Danny Cipriani discusses his personal growth on Will Greenwood's Podcast
Last Updated: 03/01/19 7:08am
Special guest Danny Cipriani spoke exclusively to Sky Sports on the Will Greenwood Podcast this week, chatting learning lessons, relationships with coaches and England...
In the week that one of Cipriani's old bosses Steve Diamond was described as "a narcissistic bully", Gloucester's playmaker talks to Rupert Cox and Greenwood on coaching relationships throughout his own career, and the difficulties which have arisen on occasions.
Indeed, speaking on a Christmas Special of the podcast last month, former World Cup-winning coach Sir Clive Woodward commented on Cipriani: "On talent and skill, Cipriani should have been in the team the last ten years. He was the person to come in and take over from [Jonny] Wilkinson, he was the man ready to go.
"He just seemed to be a person where coaches didn't want to talk to [him], and he was the guy you'd want to be absolutely close to and almost build the team around him."
On Wednesday, Cipriani told Sky: "I think it's an interesting observation from Sir Clive. A strong opinion from someone very well respected. But for me, I've got very close relationships with a lot of coaches I've had in my life and I think it just depends on individual personalities, how they get on and how they match.
"I'm probably at a stage now where I can drive performances and drive a team and not massively have it based on great personal relationships.
"It's probably what I best did at Wasps to an extent, and it wasn't like there was a falling out or anything like that with Dai [Young], it's just we probably didn't get on as well as maybe he had with other players, which is absolutely fine. But I let my rugby do the talking and I'd like to think I left that club in a better position than when I came, or at least I tried to.
"What I enjoy about rugby now is trying to make everyone around me a better player, but that's not necessarily because I have the answers or the key - I've had some unbelievable mentors in my life and it's almost like I'm just relaying a message.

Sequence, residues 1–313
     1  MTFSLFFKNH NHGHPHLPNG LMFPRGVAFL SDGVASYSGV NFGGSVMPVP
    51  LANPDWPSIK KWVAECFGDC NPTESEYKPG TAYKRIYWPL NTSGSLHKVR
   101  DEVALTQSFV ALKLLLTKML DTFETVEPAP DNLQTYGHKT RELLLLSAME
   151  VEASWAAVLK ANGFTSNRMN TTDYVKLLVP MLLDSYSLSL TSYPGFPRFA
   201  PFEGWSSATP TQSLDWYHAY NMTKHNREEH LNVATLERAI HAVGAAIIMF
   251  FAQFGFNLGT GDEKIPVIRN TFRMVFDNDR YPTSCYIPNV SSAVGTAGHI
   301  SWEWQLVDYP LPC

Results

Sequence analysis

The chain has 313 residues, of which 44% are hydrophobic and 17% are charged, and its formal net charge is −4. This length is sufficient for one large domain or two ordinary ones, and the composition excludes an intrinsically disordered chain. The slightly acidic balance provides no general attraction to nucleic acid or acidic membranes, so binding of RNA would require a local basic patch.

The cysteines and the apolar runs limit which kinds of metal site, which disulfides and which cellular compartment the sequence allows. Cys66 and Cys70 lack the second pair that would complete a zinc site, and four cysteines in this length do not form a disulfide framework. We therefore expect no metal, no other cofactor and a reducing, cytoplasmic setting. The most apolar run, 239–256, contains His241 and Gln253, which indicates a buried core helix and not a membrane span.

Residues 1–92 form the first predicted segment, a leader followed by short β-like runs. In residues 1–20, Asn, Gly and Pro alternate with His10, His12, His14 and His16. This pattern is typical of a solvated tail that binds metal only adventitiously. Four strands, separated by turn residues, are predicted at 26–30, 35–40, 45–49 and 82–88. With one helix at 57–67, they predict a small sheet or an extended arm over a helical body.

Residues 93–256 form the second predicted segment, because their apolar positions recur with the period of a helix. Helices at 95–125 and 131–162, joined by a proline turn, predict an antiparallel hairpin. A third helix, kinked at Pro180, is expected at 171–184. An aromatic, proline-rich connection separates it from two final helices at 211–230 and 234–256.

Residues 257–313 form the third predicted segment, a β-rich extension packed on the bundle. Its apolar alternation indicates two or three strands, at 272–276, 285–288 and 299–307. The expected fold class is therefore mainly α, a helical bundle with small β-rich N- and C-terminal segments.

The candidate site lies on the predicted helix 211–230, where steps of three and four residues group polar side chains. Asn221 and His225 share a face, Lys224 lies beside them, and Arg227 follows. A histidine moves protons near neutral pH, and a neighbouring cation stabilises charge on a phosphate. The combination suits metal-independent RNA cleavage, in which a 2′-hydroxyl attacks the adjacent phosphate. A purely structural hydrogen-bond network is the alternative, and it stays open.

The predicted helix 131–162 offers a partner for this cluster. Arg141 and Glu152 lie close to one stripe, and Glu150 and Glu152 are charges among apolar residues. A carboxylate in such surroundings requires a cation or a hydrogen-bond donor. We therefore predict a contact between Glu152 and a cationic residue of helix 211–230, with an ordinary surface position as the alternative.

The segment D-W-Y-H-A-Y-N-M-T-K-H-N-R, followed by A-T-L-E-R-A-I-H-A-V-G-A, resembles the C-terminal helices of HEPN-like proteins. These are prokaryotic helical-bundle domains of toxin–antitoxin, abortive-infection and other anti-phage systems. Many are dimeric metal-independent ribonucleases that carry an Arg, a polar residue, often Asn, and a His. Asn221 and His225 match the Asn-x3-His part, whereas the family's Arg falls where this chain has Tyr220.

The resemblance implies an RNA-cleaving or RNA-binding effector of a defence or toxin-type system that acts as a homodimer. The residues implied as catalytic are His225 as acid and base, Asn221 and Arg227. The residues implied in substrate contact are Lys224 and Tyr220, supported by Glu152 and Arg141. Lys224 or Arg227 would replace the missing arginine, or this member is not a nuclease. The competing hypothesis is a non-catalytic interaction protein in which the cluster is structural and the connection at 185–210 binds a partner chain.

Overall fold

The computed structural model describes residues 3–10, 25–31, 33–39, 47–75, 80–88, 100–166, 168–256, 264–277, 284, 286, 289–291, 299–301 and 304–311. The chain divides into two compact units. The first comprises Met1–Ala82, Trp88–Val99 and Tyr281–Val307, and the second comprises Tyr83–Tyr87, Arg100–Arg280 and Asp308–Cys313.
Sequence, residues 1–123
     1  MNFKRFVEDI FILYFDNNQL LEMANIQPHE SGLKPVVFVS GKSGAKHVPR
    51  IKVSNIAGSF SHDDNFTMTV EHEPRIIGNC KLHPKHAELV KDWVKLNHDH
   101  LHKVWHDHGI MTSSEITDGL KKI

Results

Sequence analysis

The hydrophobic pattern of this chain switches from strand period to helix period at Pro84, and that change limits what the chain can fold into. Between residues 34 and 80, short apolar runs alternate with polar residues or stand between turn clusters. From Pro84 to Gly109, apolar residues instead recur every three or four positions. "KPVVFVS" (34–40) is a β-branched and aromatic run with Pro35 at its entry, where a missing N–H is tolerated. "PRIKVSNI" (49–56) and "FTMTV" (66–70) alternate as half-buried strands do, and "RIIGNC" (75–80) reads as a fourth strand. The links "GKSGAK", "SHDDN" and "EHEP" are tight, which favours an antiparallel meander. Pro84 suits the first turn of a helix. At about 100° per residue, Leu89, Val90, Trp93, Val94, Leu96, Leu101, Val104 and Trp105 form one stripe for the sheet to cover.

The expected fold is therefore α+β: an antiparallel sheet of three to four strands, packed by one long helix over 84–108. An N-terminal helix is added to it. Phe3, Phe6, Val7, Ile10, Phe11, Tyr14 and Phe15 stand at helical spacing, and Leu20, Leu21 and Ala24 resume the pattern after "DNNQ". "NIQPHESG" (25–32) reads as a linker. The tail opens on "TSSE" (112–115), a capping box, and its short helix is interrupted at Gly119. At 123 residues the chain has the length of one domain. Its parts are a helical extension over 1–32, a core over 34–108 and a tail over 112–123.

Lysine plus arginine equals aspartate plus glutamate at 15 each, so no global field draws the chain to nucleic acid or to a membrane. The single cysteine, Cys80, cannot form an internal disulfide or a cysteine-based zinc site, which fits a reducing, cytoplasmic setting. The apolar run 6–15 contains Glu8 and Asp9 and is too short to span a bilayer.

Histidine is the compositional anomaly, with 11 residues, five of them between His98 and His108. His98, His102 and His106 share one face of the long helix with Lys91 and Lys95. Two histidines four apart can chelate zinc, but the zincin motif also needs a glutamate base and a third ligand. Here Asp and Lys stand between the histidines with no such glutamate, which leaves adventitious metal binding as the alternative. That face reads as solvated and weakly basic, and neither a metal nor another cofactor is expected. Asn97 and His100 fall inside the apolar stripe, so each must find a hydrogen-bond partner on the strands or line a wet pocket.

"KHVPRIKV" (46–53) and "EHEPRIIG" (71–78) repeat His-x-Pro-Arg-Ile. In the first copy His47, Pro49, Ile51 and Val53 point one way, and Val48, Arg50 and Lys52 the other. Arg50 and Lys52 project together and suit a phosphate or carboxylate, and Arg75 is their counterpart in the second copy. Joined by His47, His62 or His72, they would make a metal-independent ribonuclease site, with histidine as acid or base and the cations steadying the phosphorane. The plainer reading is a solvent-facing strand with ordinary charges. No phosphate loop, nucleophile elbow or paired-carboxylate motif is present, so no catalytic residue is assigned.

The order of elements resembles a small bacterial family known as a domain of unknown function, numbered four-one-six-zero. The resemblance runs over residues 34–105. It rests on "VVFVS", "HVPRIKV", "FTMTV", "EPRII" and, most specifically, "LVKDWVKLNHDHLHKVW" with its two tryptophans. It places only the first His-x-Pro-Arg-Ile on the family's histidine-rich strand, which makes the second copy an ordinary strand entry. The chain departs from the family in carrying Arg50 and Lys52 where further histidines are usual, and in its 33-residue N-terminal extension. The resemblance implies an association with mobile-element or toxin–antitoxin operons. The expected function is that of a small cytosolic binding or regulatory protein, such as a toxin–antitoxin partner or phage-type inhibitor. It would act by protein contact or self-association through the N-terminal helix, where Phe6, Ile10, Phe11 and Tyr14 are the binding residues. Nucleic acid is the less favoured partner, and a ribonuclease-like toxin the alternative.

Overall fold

"I've had Shaun Edwards and Brian Ashton, who for me are two of the greatest minds in sport.
"Ashton just made rugby fun...I was very lucky to have Shaun, who I worked with very closely from 16 to 21, and the amount of times we'd spend on the field after training, doing extras. I'm godfather to his daughter and that's how close I am with Shaun.
"It's very important to me to have that relationship, but it doesn't mean that either person is right or wrong in that situation, for example myself and Martin Johnson, that didn't quite click or come because maybe it was just two different personalities and maybe I wasn't mature enough to handle that situation or maybe Jonno wasn't man managing me in the best way, whatever it was.
"I was 20 and I just probably hadn't had a life experience to deal with it as well as I could, purely because for the previous five years, every coach I'd come across became such a strong figure in my life.
"Warren Gatland gave me my first contract, I worked very closely with Ian McGeechan, Edwards and Ashton - I've mentioned them - and it was probably just my first experience [with Johnson] of not having that relationship with a coach and I didn't handle it in the best manner. It's something I learnt from and in my last six years, I like to think I've had some consistency in it. But I can definitely get better in it.